Most of us FileMaker users are like other software users, we don’t scratch the surface of what the software is capable of. We don’t take the time and effort to learn what the software can do. It’s often just that we can’t find the spare time. If there’s anything you should do to improve your database after you upgrade, it is to use the new Conditional Formatting command to make your database more expressive. In a couple of minutes, you can make your overdue invoice numbers automatically turn bold red when they need attention. conditional formatting will make your users aware of important discrepancies and missed deadlines.

But, I’m a FileMaker Professional and I’m enamored of all the little things FileMaker did to make FileMaker Pro sing. The little touches that make all the difference. All the heavy FileMaker users who get under the hood on a regular basis are thrilled that now they can have script windows open while they test those scripts or add or modify calculated fields. You can keep the ScriptMaker window open and do other things and come back and it’s still right where you left it. You don’t know the time that saves!

I took a 1/2 day course on PHP and FileMaker and took many additional hours of sessions on PHP and FileMaker at the FileMaker Developer’s Conference this year. There was huge excitement about FileMaker making it easy to use PHP when you want to deploy a database on the web. I have to admit that I have not yet ventured to the web with PHP with my Studio Manager product. But, give it a little more time – I hate being an early adopter when mission critical systems are at stake. We should see some amazing stuff in the next year or two.

In my memory, I can’t remember a release of FileMaker that inspires such devotion in the FileMaker developer community. It seems that a lot of these developers refuse to work on systems that are based on anything but FileMaker 9. FileMaker 8.5 just won’t do!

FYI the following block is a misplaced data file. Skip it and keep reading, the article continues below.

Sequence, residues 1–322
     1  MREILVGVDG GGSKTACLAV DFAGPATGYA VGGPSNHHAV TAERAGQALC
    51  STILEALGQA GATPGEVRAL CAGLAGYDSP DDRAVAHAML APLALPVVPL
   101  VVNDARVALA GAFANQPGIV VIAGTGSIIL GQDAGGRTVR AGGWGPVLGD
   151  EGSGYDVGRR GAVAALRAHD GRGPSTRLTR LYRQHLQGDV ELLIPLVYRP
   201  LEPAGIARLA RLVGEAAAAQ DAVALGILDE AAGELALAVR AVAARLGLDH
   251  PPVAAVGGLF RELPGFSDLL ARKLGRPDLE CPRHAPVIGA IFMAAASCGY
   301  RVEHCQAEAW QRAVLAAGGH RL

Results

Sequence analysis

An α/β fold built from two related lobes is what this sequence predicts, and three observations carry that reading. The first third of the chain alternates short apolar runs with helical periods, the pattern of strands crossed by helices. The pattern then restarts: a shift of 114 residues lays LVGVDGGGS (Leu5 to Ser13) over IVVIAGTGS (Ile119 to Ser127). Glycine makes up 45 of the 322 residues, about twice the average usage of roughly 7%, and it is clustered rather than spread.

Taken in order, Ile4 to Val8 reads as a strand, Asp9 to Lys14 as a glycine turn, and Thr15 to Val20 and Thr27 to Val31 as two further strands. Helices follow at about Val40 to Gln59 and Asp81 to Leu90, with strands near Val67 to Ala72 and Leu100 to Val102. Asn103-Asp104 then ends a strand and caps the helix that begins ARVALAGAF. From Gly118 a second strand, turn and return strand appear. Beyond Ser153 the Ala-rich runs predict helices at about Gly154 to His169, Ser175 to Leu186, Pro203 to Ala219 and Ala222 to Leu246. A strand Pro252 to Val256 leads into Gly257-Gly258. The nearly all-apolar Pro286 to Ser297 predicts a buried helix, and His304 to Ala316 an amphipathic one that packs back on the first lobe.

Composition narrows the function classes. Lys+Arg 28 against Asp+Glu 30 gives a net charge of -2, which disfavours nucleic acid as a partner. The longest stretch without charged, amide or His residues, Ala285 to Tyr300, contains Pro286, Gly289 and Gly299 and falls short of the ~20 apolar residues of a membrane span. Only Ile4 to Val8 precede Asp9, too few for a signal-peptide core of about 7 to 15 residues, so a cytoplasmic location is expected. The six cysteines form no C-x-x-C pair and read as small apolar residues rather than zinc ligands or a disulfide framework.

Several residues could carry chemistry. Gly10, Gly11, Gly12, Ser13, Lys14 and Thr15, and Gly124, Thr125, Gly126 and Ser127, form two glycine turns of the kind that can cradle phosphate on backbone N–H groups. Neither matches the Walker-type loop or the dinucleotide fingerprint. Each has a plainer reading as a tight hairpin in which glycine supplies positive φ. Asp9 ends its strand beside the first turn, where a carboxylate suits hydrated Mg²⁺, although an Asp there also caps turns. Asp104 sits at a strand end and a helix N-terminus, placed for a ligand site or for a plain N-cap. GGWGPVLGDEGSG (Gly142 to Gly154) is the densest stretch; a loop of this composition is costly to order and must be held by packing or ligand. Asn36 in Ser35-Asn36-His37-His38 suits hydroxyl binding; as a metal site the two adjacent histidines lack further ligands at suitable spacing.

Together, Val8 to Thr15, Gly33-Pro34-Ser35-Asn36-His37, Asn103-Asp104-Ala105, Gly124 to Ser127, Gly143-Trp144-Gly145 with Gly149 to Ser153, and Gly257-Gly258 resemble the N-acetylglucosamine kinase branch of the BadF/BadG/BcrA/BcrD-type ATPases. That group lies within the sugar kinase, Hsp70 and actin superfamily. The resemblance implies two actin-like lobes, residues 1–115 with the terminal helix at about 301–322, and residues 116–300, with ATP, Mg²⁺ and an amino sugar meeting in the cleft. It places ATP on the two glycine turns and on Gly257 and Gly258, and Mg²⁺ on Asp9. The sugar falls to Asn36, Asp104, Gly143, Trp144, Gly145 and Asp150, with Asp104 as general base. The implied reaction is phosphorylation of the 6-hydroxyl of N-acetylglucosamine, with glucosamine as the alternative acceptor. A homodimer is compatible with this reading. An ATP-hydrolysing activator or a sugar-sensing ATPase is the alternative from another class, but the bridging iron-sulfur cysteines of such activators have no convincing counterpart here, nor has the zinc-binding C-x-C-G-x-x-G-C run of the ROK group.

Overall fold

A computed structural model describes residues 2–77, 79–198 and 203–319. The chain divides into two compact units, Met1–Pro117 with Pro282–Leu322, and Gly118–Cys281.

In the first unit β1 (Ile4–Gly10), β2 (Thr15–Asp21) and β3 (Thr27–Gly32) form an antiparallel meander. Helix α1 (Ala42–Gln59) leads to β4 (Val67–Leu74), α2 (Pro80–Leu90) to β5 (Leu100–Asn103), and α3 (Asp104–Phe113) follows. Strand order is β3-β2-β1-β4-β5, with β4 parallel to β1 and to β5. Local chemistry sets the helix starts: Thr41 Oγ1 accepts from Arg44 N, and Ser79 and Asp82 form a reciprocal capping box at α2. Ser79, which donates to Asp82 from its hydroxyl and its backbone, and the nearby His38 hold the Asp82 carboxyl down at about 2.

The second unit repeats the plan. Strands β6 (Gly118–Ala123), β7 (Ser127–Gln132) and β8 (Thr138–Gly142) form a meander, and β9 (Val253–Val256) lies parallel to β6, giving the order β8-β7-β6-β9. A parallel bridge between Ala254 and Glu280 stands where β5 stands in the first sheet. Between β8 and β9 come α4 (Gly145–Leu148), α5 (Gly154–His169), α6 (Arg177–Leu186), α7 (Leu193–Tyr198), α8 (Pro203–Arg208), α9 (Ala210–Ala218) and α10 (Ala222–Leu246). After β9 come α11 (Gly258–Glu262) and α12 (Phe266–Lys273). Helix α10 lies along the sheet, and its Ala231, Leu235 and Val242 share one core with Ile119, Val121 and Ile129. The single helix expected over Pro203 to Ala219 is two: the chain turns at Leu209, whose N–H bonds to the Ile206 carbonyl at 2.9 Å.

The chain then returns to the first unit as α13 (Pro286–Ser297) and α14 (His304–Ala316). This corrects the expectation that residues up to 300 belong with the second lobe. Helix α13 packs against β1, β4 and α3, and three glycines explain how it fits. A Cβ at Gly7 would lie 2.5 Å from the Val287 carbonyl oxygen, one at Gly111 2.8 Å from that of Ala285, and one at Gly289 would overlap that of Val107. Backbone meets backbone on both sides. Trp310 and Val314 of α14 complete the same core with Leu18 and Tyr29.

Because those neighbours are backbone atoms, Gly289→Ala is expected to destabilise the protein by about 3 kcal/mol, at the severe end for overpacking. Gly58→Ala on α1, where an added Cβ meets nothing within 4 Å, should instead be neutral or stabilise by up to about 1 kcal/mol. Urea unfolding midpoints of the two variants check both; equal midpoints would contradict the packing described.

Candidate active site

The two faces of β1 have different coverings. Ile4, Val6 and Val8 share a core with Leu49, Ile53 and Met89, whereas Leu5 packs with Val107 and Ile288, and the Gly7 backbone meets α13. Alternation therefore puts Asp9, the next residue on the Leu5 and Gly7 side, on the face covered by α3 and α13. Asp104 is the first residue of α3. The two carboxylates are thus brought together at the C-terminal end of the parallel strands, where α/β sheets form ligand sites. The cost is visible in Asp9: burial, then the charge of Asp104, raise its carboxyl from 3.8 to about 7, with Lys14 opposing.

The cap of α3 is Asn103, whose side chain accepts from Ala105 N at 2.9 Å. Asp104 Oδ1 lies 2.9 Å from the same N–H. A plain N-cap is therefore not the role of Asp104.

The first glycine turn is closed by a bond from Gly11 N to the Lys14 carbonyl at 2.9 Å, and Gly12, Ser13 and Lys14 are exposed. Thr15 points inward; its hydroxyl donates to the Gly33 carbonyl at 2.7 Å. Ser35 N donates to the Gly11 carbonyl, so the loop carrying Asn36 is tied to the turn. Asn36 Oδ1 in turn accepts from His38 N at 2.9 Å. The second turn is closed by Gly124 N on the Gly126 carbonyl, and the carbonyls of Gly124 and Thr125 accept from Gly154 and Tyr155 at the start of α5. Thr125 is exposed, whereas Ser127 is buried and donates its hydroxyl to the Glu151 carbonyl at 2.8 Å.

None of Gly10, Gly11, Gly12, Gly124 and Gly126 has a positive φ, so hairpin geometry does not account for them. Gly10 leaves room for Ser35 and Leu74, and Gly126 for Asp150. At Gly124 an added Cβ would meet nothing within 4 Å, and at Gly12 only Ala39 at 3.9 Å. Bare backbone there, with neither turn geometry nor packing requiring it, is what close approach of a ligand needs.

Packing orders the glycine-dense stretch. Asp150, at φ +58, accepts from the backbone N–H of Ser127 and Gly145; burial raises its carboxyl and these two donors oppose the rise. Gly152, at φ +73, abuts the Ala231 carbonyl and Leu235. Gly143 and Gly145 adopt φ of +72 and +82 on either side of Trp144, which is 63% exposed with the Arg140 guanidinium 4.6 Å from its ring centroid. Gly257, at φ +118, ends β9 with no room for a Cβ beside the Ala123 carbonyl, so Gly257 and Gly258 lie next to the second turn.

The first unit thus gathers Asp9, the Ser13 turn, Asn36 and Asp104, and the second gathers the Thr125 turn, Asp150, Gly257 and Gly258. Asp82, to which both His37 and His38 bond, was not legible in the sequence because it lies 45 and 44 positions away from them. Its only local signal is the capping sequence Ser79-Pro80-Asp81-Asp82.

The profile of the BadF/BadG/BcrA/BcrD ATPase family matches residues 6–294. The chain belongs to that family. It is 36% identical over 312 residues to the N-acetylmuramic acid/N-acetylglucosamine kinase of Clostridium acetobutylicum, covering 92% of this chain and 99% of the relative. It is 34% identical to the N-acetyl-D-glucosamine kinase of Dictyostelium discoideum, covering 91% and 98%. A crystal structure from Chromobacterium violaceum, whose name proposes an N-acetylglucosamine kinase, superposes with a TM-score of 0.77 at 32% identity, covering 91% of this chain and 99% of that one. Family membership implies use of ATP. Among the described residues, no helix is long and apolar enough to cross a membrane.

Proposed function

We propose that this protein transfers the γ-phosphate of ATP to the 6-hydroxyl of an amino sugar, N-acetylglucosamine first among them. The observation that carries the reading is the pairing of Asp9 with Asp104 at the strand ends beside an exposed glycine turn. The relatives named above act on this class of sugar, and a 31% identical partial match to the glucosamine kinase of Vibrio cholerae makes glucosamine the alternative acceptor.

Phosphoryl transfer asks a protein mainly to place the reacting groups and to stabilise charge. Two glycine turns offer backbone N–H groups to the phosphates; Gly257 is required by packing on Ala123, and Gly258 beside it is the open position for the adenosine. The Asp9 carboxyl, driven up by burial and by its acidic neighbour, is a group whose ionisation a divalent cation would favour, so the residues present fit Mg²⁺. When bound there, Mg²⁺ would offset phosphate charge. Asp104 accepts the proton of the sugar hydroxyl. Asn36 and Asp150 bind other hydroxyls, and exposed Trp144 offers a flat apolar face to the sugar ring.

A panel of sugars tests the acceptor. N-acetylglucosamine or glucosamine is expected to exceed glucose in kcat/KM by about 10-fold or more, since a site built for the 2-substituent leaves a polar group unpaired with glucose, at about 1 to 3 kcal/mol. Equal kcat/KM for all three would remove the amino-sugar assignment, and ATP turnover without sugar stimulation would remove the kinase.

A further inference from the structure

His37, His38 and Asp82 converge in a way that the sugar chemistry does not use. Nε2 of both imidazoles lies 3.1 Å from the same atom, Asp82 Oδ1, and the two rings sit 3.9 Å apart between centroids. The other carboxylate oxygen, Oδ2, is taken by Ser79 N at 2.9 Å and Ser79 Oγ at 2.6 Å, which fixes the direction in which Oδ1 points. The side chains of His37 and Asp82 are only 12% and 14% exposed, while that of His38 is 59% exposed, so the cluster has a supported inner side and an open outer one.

FileMaker Pro is a seriously mature database development environment these days. It’s still easy to use at the entry level for quickie database needs, but it has graduated to the big leagues. And, of course, there will be more where that came from. I am so impressed with the commitment of FileMaker, Inc. They’re like Apple (big surprise, they are a subsidiary of Apple)! They do great things for a living.

The magic is still there and growing with my use of FileMaker Pro Advanced. I recommend everyone who gets FileMaker Pro 9 makes sure they have a copy of the Advanced version. I see FileMaker Inc. has caught on and now include a copy of Advanced with their multi-user bundles these days. Debugging, copying script steps, copy and pasting tables and lots of other things make the Advanced version a must have.

Before I end this little rave, I just want to mention FileMaker Inc’s new product, Bento. From what I hear it is sexy and it is meant for personal applications, not the bigger, more elaborate stuff that FileMaker is often pointed at. I’m so busy at the moment, I haven’t taken much of a look, but I’ll be back with my take on it soon.